A new test being showcased can stratify patients based on risk for developing diabetes.
Even within the healthy range of hemoglobin A1C, the test, dubbed Quantose, detects patients' risk of developing diabetes. It is a novel blood test for prediabetes that reflects insulin resistance. The test is based on three recently identified nonglycemic biomarkers and insulin, and detects progression to prediabetes earlier than traditional glycemic measures such a hemoglobin A1C.
Metabolon (Research Triangle Park, NC, USA) is showcasing the Quantose test, which is a metablomics-driven diagnostic, at the American Association for Clinical Chemistry Lab Expo (AACC) being held from July 15-19, 2012, in Los Angeles (CA, USA). Two posters highlighting the clinical utility of Quantose are being presented at the Expo.
In a poster, the clinical utility of Quantose as a simple, practical measure of insulin resistance will be demonstrated in this poster session with data highlighting the correlations between Quantose and other known risk factors for type 2 diabetes and cardiovascular disease.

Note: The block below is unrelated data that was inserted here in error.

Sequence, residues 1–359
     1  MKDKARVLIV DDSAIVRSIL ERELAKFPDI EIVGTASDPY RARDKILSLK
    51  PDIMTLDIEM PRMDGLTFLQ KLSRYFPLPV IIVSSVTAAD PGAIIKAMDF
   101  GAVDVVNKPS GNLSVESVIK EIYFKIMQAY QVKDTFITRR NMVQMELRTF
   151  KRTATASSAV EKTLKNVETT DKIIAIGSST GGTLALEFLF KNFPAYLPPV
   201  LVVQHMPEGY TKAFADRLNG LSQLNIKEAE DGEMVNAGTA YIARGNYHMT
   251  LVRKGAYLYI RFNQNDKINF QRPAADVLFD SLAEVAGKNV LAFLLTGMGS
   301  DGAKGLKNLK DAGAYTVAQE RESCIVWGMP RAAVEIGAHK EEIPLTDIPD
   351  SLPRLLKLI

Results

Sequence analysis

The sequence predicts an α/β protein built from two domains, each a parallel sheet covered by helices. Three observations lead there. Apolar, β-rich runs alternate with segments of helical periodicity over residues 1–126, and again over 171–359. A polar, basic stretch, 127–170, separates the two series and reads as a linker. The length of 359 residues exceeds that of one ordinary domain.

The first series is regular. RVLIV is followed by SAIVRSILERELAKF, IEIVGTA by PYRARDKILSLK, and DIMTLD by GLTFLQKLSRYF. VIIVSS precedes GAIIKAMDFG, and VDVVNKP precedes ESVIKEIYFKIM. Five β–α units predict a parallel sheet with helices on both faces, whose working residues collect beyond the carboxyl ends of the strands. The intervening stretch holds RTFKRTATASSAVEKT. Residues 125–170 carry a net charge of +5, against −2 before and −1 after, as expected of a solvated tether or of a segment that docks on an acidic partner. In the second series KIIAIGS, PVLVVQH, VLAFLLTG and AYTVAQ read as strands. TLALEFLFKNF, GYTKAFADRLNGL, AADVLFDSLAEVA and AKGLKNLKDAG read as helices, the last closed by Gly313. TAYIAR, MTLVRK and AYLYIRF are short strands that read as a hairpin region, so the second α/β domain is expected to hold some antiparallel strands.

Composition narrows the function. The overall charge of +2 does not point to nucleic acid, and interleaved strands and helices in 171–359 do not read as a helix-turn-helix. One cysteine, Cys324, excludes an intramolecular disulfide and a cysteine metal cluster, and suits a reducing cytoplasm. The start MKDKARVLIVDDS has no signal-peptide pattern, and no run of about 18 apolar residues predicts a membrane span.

In a second poster, differences in insulin resistance using HbA1c and metabolic markers Alpha-hydroxybutyrate, Linoleoyl-GPC, and Oleate are described. This clinical study was performed at the University of North Carolina (Chapel Hill, NC, USA) comparing Quantose metabolic markers to hemoglobin A1C for the ability to detect insulin resistance. Data include the finding that Quantose scores closely track worsening dysglycemia as defined by hemoglobin A1C, but that Quantose also identifies a substantial subset of patients as insulin resistant despite hemoglobin A1C values within the normal range (<5.7%). The clinical study was performed at the University of North Carolina, (Chapel Hill, NC, USA) comparing Quantose metabolic markers to hemoglobin A1C for the ability to detect insulin resistance.
Metabolon, Inc. has developed technology to quickly identify and measure all biochemicals in a biological sample. This method provides a precise understanding of disease etiology and drug action, and advances personalized medicine.
University of North Carolina